Regionwide fallout from Supreme Court decision? North Vancouver watchdog spotlights 161 East Keith Rd rezoning (16-storeys)

Image concept 161 East Keith Rd, North Vancouver, Michael Katz Architecture

Image concept 161 East Keith Rd, North Vancouver, Michael Katz Architecture

As we have reported, the B.C. Supreme Court on January 27 overturned a major rezoning and development permit in Vancouver and ordered a new Public Hearing (for example, see Sloppy city hall led to Yaletown ruling, Allen Garr, Vancouver Courier, 5-Feb-2015). The ruling points to unacceptable practices by the City of Vancouver in the Public Hearing and processes related to that rezoning. 

Now North Van City Voices, a civic watchdog in that city, has noticed similarities between what was done wrong in Vancouver, and asks out loud about the implications for a rezoning for a 16-storey tower approved on January 19. This makes us wonder if the problems are not just individual cases, but systemic across the industry and municipal governments in the whole region. And if so, how long has this been going on? More public attention is needed on these matters. Below is the opening and web link to the North Van City Voices article (emphasis is ours).


Commentary on Keith Rd Public Hearing (North Vancouver City Voices, 6-Feb-2015)

Many North Vancouver residents are hoping that the recent BC Supreme Court ruling forcing the City of Vancouver to halt a tower development in Yaletown has set a legal precedent that might apply to the recently-approved development at 161 East Keith Road. Most of Justice McEwan’s reasons for judgment in the Vancouver decision seem to apply equally well to the Keith Road situation.

The 16-storey mixed strata/rental tower fronting on Victoria Park was approved by City of North Vancouver Council on January 19, exactly one week before Justice McEwen’s Vancouver ruling came down.

Apart from the fact that the East Keith development is way too big for the site – almost three times larger than the existing zoning and Official Community Plan allows – the public input process was rushed, with inadequate notice and lead time to allow the public to study the details of the proposal. (Bob and Peg Heywood make this point in their letter to Council here 161 EAST KEITH). And some important information provided to the public was inaccurate, or contradictory, or missing altogether. (See Linda Heese’s letter to Councildetailing these deficiencies in the public information, and how they directly connect to Justice McEwen’s ruling 161 East Keith – New Public Hearing Request).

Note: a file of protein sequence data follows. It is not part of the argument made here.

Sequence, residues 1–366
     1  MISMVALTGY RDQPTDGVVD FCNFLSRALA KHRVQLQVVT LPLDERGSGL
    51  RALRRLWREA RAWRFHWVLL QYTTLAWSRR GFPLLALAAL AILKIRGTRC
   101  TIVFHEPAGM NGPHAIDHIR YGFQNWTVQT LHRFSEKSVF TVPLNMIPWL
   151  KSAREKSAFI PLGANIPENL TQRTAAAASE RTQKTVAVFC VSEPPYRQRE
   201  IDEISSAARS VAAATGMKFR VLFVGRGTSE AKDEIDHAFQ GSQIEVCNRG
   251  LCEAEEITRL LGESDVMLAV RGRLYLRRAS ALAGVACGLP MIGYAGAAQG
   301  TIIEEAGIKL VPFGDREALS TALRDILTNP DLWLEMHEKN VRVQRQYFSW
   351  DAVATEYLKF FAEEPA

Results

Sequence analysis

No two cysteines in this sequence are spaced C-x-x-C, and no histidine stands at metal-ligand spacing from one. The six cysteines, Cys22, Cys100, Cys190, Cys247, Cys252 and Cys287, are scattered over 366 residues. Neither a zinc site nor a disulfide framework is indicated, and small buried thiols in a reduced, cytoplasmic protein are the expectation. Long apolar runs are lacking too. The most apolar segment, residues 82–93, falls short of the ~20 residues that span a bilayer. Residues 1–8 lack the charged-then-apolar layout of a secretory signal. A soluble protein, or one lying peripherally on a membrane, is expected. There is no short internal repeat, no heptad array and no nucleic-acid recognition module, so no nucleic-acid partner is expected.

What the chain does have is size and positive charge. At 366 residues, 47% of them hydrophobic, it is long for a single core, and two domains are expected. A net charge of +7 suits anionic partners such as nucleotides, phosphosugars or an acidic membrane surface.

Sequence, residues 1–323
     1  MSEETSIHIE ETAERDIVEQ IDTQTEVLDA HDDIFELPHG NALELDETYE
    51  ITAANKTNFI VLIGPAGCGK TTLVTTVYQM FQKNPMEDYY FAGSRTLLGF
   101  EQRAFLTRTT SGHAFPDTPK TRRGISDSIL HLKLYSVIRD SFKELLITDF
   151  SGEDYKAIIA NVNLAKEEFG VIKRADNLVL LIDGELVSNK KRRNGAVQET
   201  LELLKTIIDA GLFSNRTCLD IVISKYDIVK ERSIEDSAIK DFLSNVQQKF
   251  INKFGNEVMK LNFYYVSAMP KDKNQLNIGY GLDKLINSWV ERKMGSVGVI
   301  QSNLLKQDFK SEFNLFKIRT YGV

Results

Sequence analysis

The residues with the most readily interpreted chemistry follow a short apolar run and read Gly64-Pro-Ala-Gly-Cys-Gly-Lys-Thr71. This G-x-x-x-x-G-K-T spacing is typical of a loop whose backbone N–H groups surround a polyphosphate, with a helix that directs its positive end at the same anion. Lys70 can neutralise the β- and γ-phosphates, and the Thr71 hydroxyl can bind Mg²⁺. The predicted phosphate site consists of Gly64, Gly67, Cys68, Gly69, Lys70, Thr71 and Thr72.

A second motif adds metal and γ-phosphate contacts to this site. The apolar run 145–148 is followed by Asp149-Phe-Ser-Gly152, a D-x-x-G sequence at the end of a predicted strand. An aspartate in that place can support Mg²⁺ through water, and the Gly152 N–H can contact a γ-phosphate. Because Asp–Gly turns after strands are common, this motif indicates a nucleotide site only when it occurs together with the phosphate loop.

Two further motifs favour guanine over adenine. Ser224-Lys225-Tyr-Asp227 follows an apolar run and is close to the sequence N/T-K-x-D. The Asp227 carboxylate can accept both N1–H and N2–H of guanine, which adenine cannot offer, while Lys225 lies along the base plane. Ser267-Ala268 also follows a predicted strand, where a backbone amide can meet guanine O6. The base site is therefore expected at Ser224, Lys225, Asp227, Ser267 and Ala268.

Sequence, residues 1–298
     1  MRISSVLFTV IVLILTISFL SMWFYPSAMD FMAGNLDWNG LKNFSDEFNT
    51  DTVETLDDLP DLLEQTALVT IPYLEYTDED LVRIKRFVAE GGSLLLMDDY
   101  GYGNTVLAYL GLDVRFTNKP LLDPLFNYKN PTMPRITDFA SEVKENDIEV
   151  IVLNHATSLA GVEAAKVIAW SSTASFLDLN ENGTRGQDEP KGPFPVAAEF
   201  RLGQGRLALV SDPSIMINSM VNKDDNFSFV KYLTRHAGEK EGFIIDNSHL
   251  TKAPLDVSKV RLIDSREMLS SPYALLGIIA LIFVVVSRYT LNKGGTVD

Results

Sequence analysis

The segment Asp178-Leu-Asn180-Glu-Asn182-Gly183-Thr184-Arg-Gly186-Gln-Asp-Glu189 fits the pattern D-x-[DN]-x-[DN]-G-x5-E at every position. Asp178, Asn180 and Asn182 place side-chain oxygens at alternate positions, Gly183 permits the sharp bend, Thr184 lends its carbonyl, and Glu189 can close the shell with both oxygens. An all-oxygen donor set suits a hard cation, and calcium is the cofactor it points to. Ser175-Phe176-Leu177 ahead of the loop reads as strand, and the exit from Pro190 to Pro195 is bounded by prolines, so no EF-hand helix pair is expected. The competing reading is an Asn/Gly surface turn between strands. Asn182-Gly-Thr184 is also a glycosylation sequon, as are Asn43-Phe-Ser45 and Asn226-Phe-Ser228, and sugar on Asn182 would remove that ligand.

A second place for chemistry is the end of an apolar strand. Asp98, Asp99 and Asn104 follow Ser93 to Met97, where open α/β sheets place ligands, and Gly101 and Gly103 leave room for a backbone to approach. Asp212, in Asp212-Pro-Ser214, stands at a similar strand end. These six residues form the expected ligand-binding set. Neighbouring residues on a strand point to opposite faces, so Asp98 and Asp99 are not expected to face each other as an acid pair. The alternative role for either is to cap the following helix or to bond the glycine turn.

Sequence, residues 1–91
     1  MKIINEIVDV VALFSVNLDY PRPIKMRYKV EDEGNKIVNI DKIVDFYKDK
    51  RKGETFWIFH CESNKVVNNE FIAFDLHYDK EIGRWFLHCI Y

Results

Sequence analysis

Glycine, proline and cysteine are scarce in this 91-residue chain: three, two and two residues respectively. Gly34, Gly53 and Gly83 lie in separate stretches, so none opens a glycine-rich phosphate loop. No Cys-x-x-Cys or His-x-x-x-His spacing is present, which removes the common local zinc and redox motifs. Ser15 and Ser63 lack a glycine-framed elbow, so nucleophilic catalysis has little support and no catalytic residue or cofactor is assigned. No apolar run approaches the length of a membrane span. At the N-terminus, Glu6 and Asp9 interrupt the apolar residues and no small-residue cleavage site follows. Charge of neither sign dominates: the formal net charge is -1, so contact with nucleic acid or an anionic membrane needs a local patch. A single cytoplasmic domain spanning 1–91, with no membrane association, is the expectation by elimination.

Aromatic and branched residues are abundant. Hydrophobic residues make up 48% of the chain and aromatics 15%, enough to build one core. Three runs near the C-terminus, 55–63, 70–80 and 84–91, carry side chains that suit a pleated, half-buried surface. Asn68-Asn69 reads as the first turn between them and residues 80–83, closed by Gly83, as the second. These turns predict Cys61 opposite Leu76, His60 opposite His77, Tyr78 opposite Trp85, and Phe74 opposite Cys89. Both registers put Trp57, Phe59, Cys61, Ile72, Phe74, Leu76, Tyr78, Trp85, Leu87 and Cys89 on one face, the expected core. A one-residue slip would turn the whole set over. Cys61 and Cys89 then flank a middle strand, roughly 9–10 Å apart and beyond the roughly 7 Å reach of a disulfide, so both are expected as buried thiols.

The project’s supporters on Council say inflating the density on the site throughbonusing is necessary to create more rental housing, which the city needs because our stock of affordable rental units is aging and must be replaced. That need is real – however, we don’t see high-rise projects like this one as the solution. The units in this building are relatively small studios and one-bedroom units, suitable mostly for singles. And as market rentals in a brand new building in a desirable area, they certainly won’t be “affordable”. In fact by encouraging the city’s headlong rush towards greater and greater density, we’re just ensuring the speculative rise in land values will continue, rents will keep rising, and North Shore housing will become even less affordable.

Read the full article here:

4 thoughts on “Regionwide fallout from Supreme Court decision? North Vancouver watchdog spotlights 161 East Keith Rd rezoning (16-storeys)

  1. All municipal govts especially those with a majority, cannot wait to densify in exchange for campaign funding( before limits set in by provincial govt), increase in property values/property taxes, cac/dcl, & metro fees. All primary municipal revenue generator based on developments. Accordingly, the more developments the better under the guise of “affordable” housing, the bigger, the sooner stamped “approved” the better. You want public hearing? City Hall will dress up a few for you. While ur at the public hearing, council is meeting “in camera,” fait accompli.
    I’m glad the supreme court judge saw thru the opaque sham. Despite the ruling, municipal hall legal teams will redraft/finagle their bylaws. There’s surely more courtcases coming.

  2. Burnaby has the same problem, but who has the financial means to stand up to a city hall with a publicly funded legal team? Corrigan will exhaust all legal means to ensure that council retains its power.

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